In 2001, a population had been discovered in Pinto Creek, Kinney County, Texas. By 2013 the upper two-thirds, as well as sections of the lower creek, that are part of the critical habitat for Devils River minnow in Pinto Creek had gone dry as Kinney County continued to suffer through the most intense drought on record. The TXFWCO worked with the San Antonio Zoo to establish a refuge population of the Devils River Minnow from Pinto Creek. In 2013, after the Zoo obtained a recovery permit the TXFWCO and two biologists from the Zoo collected 28 Devils River minnows and transferred them to the new refugium at the Zoo.

The TXFWCO also monitors the population of Devils River minnows in San Felipe Spring which is located within the City of Del Rio, in Val Verdy County. The San Felipe system, much like the Pinto Creek system, is under threats of increasing groundwater pumping, drought, increased urbanization, and invasive species introductions. The TXFWCO began collecting monitoring data at several sites along the spring in 2012 and continued monitoring will create reliable trend data for population estimates. As of 2013 the population remains stable; however with water a scarce resource and introduction of invasive species, the threats to the population are real.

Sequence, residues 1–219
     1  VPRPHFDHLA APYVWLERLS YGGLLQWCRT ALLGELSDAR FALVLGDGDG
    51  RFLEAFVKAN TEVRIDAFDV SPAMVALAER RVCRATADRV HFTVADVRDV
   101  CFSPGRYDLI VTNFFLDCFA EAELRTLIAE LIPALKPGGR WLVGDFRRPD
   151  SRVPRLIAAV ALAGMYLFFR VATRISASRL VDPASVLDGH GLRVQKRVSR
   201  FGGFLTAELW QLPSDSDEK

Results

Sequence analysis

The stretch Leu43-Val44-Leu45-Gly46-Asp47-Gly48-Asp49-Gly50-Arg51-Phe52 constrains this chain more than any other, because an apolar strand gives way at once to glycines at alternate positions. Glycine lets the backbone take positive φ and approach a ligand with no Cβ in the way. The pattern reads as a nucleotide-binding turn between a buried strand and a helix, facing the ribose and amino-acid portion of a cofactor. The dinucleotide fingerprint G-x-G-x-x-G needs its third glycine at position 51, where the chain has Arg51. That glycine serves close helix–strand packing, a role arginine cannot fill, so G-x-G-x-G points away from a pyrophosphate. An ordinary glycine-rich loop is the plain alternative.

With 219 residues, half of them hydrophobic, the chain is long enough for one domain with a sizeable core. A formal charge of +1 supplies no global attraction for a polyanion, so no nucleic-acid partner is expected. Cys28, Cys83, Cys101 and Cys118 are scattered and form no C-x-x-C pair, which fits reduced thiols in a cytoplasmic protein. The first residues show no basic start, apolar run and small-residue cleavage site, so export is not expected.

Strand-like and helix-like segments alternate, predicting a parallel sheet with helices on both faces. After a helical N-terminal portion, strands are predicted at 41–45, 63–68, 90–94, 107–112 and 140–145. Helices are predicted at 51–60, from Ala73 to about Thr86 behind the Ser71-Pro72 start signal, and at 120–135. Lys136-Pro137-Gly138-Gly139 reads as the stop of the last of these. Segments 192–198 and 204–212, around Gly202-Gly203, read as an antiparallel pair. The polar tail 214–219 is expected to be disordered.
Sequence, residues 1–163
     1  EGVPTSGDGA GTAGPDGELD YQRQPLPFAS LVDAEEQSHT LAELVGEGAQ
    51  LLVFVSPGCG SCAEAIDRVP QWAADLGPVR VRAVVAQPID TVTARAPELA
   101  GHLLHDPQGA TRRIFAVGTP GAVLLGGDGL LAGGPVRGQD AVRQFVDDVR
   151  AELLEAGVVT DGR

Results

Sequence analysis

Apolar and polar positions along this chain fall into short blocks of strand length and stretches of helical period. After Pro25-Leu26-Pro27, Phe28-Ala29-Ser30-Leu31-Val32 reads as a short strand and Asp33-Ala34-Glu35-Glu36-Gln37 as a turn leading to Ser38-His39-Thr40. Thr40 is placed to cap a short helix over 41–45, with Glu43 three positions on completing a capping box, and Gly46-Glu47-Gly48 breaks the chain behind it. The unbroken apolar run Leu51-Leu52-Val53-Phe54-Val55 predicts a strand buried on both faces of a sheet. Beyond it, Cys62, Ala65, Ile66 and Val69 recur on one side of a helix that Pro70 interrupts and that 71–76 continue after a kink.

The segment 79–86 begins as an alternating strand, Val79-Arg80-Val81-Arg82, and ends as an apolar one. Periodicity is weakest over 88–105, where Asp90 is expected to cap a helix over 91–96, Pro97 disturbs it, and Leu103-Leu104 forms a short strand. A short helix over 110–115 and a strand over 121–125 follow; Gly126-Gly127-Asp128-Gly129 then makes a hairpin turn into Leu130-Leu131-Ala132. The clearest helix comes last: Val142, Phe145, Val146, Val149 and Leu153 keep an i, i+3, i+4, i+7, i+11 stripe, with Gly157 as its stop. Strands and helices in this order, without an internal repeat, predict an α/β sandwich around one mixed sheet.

Clear Creek Gambusia